What Blatche did was take advantage of the departure of Antawn Jamison, the former All-Star starting power forward who was sent packing to Cleveland in a hasty Wizards fire sale shortly after Gilbert Arenas' gun affair. His playing time rose and his confidence got rolling, to the point where the Wizards really didn't miss Jamison at all. At least as a performer.
But as a team leader and professional? OK, here's the part of the Blatche story where the magic dust gets blown away. A few times during that breakout stretch, Blatche got full of himself. Some might say he believed the hype and thought he was already a star. The tipping point came in a game against the Pacers, when Blatche was removed from the game and bristled when approached by coach Flip Saunders to re-enter the game. So as punishment, he sat the final three quarters.
It could very well be that Blatche suffers from the syndrome known as "first fame," that is, he's already caught up in the vortex caused by his sudden rise. Some insiders suspect his ego swelled right along with his stats. His maturity, or lack of it, will be monitored closely this season, and it's possible the only thing that can hold Blatche back is Blatche.
Well, there's something else, too. He broke the fifth metatarsal bone in his right foot this summer, which required surgery and screws. The foot bears watching as well, especially early on, because foot injuries and big men don't get along too well (see Walton, Bill). But his recovery was said to be going swell, and if healthy, there's no reason Blatche can't pick up where he left off.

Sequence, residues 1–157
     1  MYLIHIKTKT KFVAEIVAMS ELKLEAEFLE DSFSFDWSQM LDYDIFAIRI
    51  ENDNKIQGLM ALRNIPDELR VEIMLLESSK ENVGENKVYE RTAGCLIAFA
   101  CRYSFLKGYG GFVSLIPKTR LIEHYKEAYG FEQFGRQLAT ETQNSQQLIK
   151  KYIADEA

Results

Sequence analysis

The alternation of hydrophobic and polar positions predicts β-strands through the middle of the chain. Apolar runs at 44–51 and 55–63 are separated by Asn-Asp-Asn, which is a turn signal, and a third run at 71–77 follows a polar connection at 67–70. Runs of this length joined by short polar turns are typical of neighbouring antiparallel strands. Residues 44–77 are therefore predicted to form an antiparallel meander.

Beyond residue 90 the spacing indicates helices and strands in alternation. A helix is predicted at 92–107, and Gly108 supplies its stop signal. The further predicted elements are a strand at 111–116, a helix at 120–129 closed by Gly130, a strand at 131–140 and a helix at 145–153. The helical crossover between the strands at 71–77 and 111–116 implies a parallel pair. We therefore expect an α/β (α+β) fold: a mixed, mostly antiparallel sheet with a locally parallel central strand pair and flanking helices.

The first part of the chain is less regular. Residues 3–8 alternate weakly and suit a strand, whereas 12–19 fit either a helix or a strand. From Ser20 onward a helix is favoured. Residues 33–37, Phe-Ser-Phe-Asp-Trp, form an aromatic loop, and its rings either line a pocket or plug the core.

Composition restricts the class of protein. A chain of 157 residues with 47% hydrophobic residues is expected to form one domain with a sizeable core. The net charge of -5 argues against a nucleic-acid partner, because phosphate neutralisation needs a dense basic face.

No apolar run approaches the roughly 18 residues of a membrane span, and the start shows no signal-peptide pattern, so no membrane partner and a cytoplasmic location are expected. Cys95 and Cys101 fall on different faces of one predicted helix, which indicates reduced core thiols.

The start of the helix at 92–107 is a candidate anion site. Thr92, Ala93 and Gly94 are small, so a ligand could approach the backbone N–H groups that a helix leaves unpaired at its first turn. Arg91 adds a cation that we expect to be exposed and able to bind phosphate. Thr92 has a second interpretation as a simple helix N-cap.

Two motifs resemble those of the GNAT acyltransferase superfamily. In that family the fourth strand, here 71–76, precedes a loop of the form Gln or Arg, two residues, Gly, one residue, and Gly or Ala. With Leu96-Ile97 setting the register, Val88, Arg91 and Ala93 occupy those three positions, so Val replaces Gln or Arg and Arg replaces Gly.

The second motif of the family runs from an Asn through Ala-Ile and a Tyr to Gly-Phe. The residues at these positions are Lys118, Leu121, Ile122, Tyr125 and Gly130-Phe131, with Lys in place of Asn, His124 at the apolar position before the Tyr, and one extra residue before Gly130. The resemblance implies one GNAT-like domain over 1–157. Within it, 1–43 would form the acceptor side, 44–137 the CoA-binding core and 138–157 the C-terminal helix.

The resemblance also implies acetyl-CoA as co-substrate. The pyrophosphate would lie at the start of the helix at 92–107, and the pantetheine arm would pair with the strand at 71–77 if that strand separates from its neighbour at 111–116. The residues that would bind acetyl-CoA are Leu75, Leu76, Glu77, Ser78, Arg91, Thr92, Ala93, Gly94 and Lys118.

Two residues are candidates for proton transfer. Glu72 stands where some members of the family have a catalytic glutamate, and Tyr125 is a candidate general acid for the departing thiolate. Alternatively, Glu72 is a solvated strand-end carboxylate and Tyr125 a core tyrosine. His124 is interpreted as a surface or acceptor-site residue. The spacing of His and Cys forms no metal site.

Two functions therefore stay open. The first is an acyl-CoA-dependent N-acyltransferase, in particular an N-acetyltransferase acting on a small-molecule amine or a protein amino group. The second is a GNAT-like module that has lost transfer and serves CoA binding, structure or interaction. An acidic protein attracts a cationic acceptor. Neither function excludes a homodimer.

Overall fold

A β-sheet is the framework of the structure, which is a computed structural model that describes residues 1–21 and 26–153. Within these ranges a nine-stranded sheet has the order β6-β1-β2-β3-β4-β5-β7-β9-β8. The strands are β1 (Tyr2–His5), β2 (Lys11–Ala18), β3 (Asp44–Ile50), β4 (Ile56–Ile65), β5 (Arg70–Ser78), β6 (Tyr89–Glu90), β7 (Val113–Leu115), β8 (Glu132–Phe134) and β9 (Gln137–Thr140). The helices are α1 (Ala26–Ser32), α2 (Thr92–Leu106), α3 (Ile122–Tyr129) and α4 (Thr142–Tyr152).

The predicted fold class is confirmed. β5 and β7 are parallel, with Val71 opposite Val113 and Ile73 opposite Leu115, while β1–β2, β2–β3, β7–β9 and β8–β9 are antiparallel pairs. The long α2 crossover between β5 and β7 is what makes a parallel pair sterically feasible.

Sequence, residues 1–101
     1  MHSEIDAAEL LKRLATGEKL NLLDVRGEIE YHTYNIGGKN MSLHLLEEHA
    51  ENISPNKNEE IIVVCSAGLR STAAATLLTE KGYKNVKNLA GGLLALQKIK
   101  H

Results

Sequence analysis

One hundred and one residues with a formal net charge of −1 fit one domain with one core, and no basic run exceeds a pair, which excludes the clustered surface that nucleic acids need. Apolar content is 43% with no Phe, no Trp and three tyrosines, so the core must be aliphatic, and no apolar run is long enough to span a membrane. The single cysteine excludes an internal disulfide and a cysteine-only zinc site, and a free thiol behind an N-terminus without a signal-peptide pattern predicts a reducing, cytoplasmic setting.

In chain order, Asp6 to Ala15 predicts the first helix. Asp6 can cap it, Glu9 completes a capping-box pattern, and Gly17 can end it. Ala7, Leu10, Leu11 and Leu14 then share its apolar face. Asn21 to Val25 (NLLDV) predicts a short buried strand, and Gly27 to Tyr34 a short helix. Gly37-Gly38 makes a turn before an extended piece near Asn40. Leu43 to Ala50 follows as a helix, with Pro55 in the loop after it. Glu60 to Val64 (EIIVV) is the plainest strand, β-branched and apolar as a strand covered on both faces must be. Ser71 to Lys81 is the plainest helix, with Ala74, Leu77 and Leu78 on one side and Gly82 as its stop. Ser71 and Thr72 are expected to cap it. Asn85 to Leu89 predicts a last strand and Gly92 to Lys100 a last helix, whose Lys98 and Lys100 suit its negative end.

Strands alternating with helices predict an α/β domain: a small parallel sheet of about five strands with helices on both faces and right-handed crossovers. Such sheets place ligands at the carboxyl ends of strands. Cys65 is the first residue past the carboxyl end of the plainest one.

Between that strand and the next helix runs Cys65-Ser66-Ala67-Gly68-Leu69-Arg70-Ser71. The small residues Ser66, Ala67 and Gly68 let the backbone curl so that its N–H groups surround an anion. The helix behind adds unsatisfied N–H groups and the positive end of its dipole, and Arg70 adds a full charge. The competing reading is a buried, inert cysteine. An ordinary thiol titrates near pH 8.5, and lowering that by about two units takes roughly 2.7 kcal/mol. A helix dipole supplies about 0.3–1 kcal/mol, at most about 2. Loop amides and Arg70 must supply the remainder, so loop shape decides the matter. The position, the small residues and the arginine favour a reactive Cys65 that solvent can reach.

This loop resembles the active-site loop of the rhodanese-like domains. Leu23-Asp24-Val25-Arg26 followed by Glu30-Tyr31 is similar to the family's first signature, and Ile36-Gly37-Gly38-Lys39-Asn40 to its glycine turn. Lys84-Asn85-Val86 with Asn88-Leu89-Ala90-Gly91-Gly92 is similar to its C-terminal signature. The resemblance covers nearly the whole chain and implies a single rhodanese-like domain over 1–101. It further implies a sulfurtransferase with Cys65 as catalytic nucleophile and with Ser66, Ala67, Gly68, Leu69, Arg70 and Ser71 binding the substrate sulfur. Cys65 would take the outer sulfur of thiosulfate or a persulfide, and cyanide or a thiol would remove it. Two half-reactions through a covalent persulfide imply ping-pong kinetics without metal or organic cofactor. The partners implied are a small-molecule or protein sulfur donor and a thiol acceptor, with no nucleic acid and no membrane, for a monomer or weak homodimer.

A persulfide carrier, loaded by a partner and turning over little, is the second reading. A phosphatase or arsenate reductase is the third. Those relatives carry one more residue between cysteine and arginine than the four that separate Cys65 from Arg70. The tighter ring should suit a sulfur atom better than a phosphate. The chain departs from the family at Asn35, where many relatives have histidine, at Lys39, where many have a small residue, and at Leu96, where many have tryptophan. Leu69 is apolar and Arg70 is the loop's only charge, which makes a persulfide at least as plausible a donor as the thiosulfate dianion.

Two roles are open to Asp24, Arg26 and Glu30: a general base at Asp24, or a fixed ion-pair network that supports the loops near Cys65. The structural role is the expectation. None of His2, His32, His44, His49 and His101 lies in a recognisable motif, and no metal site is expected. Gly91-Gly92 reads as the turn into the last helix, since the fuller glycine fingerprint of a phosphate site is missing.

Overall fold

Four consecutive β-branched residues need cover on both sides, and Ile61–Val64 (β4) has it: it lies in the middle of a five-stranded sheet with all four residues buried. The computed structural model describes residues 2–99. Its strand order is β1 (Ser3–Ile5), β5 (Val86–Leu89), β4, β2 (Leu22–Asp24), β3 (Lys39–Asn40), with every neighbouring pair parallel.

And that's especially true, now that the Wizards have a pure point guard who thinks pass-first. Rookie John Wall can only help Blatche develop into one of the more productive power forwards in the East, if not the league; the real issue is the return of Arenas and if that results into fewer touches for Blatche (and how Blatche deals with that).
"He's a competitive player," said Grunfeld. "And remember, he came to us straight from high school."
That's another way of saying the Wizards are keeping his maturity in stride. Blatche has plenty of incentive to take a more professional approach, if only to justify the faith he has in himself. And that can only happen if conference coaches think enough of him and his maturity to put him on the All-Star roster. Provided he continue playing as he did last spring.
Big men with skills don't come around often, and we'll get to see if Blatche was truly blessed ... or if the Basketball God was simply teasing us and the Wizards.